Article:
Last among equals

Two steps forward, one step back for women’s sport

The gender gap in the coverage of sport is not new news but over the past few years, there has been a sense that this is narrowing as women’s sport carves out a greater share of voice.

Coverage for women in sport has a direct impact on participation but for all the sense of progress, the reality is still that there is simply not enough visual stimulus for young women to get into sport, let alone consider elite sport as a realistic professional option.

A study by girls’ charity Totally Runable, bought nine national newspapers every day between July 2017 and June 2018, taking note of the imagery used. From the 3,107 pictures they found of people doing sport: just five were of men and women together, 3,011 were of men – and a shocking 91 were of women – 2.9% of the total. If young girls can’t see other girls being sporty, is it any wonder that there are participation issues? As a result, founder Natalie Jackson, launched #SeeSportyBeSporty, calling for representation of sport in the media to be more gender equal.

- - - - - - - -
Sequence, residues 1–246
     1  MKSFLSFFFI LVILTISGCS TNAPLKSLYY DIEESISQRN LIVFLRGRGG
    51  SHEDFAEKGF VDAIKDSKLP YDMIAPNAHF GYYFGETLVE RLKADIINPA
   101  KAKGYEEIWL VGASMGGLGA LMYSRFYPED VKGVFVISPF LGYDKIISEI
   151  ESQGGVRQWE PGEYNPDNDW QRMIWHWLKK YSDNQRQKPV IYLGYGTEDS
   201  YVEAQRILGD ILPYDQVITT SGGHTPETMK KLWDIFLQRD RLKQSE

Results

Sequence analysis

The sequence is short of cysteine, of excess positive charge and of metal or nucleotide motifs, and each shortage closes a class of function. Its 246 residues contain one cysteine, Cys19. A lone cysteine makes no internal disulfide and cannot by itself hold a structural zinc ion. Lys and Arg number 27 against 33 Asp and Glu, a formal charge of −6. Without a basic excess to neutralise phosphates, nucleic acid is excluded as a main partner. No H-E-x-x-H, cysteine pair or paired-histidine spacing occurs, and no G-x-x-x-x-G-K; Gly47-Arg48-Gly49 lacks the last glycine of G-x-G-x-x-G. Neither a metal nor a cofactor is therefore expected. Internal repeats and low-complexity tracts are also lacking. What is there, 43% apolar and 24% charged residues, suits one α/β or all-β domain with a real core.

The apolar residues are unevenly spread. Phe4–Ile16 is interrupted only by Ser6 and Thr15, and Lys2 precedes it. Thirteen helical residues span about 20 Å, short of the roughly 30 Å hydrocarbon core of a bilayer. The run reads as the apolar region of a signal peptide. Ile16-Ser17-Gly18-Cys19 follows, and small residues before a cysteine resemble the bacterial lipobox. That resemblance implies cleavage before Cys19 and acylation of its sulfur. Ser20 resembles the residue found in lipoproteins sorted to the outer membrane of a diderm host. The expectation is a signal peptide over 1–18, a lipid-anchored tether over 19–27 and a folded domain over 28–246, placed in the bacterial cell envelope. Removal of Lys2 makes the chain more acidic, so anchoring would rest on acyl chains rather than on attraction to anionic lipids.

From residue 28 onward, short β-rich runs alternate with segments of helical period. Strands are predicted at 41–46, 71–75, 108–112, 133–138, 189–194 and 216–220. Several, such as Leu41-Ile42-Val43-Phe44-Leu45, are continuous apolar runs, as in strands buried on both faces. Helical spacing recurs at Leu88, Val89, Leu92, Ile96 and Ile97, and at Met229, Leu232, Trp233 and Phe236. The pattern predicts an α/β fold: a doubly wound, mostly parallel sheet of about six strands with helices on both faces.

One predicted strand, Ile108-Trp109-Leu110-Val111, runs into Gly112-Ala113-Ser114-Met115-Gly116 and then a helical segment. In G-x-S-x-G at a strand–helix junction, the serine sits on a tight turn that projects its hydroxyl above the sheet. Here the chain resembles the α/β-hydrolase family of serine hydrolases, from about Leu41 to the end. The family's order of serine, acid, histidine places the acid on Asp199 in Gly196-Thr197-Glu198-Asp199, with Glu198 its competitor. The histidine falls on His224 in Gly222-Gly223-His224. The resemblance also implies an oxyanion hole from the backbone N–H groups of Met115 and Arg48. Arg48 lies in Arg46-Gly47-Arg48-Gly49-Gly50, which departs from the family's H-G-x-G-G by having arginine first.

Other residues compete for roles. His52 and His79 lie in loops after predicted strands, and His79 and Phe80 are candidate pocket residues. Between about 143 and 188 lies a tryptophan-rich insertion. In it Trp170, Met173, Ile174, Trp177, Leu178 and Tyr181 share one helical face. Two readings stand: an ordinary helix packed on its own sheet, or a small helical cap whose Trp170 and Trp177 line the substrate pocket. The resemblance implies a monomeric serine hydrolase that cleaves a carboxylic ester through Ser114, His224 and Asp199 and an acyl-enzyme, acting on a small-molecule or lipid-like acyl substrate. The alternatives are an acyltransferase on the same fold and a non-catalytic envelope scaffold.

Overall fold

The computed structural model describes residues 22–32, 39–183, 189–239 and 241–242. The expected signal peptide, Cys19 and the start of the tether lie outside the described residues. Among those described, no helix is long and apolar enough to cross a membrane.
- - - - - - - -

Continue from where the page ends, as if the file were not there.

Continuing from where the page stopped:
Sadly though, for every two steps that are taken forward, there is an incident that takes progress a step back. In November of this year, if you had popped down to Windsor Park at 3am you would’ve seen hundreds of cyclists whizzing around, including 181 females, as part a 24-hour cycling race, Red Bull Time Laps.

However, the event coverage on an online cycling magazine failed to recognise that any females were taking part, not a single picture featured on their event gallery. A shock in itself, but easy to resolve. Yet, when questioned about their lack of female imagery, they simply replied: “The world is going to hell in a handcart and you’re getting annoyed about THIS?”

Appalled by their lack of desire to make a simple change, several prominent cycling influencers and brands jumped in to support. It wasn’t so much the oversight, these things happen, as the lack of understanding of the effect such incidents can have.

So disgusted by the magazine’s response, cycling business Jam Cycling decided enough was enough and designed a unisex cycling logo to demonstrate their genuine support for equality in cycling. Within a week, a range of cycling shirts emblazoned with the new icon were on sale, with 75% of the proceeds from the sale of the shirts donated to supporting a women’s cycling team.